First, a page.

Advertising revenues at the Media Networks segment are subject to seasonal advertising patterns and changes in viewership levels. Revenues are typically somewhat higher during the fall and somewhat lower during the summer months. Affiliate revenues are typically collected ratably throughout the year. Certain affiliate revenues at ESPN are deferred until annual programming commitments are met. These commitments are typically satisfied during the second half of Disney’s fiscal year, which generally results in higher revenue recognition during this period.

Fiscal 2013 performance

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Cable Networks revenue increased 6%, to $14.45 billion, due to growth at ESPN, the domestic Disney Channels, and A&E Television Networks (AETN). Growth at ESPN was due to increased affiliate and advertising revenues, partially offset by increased programming and production costs. The increase in programming and production costs was due to contractual rate increases for college sports, NFL, MLB, and NBA rights, production costs for new X Games events, and the addition of new college football rights.

Domestic Disney Channels’ growth was due to higher affiliate revenues from contractual rate increases, partially offset by higher programming costs driven by more episodes of original programming. Higher equity income from AETN reflected advertising and affiliate revenue growth, along with the benefit of the increase in the company’s ownership interest from 42% to 50%.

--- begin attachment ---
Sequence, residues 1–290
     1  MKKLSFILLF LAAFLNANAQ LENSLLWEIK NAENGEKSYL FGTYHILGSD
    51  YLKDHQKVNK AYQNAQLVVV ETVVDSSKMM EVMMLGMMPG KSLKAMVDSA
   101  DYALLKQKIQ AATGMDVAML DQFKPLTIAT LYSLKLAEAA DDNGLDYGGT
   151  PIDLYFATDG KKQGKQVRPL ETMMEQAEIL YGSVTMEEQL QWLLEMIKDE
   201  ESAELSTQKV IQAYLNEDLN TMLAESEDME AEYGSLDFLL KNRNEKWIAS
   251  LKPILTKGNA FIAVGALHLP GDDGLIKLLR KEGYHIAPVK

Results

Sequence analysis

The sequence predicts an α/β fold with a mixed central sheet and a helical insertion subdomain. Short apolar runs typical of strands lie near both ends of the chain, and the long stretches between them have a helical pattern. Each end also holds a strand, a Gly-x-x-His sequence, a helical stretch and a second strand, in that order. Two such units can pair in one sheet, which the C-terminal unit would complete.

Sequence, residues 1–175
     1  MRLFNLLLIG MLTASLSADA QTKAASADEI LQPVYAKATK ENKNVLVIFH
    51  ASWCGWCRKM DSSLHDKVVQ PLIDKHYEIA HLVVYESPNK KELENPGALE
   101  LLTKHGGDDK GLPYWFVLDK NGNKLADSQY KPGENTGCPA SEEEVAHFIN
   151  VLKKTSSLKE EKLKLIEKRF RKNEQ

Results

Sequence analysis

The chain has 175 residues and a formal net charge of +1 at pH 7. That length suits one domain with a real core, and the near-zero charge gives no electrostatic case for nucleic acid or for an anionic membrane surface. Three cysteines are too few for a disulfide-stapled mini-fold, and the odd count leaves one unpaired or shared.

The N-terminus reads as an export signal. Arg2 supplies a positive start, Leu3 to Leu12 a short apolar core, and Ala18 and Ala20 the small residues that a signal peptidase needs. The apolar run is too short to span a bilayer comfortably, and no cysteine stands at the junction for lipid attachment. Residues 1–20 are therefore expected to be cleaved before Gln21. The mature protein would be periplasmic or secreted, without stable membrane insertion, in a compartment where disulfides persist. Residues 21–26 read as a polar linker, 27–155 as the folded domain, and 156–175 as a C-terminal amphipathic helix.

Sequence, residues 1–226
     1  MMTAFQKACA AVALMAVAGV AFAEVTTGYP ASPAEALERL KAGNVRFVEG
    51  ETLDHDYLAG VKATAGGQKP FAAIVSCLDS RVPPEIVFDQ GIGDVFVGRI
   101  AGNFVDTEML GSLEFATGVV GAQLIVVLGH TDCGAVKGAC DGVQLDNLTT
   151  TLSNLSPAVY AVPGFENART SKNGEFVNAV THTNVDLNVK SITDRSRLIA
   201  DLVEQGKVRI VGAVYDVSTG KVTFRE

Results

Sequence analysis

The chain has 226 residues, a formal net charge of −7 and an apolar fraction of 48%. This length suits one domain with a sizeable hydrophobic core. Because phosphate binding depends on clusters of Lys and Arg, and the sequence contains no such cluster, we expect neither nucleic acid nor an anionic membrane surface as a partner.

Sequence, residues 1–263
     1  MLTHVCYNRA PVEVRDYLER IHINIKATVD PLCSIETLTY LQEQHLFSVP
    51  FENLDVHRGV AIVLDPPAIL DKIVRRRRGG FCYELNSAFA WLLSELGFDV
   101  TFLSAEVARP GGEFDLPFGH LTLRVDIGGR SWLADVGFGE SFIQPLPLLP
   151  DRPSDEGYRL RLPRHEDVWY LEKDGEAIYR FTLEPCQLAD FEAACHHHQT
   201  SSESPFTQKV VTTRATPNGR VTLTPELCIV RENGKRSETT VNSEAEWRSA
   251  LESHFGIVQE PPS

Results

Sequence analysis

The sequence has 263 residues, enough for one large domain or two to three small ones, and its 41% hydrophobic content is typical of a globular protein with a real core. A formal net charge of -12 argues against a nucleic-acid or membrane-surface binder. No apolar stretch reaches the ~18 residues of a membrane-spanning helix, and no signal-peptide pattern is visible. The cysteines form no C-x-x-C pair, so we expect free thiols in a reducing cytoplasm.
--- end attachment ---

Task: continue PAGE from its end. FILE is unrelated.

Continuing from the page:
However, the cable networks segment saw operating income decline by $95 million in 4Q 2013, as ESPN had $172 million less in deferred affiliate fee revenues, which were recognized earlier in the year. Disney said that without the change in deferred affiliate revenue at ESPN, operating income would have increased $77 million with affiliate fee increases at both ESPN and Disney Channel and higher ad revenue at ESPN.

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Disney launched a WatchESPN app in 2011 that allows fans to watch ESPN online, on the go, from their tablets and mobile devices, and through Xbox. Disney has carriage deals with most major pay-TV operators for distributing this app, and it expects to generate ad revenue from its mobile apps such as Watch ESPN and Watch Disney in the near future.


Its broadcasting businesses include a domestic broadcast network, namely ABC Television Network (ABC), television production and distribution operations, and eight owned domestic television stations. The company also has an interest in Hulu LLC (Hulu), a joint venture that distributes film and television content on the Internet. In fiscal 2012, the company and Univision formed a joint venture to create Fusion, a news, pop culture, and lifestyle television and digital network targeted at English-speaking Hispanic Millennials, which launched in October 2013.

Fiscal 2013 performance

For fiscal 2013, Broadcasting revenues decreased 2%, to 5.9 billion, due to higher primetime programming costs and lower program sales, partially offset by higher affiliate and advertising revenues. Higher primetime programming costs were driven by an increase in the average cost per hour due to a shift of hours from lower-cost reality and primetime news to higher-cost original scripted programming. The decline in program sales reflected higher sales in the prior year for Desperate Housewives, Castle, and Grey’s Anatomy, partially offset by current-year increases for Scandal, Revenge, and Once Upon a Time. Growth in advertising revenues was due to higher units delivered at the ABC Television Network, increased network rates, and growth in online advertising, partially offset by lower primetime ratings.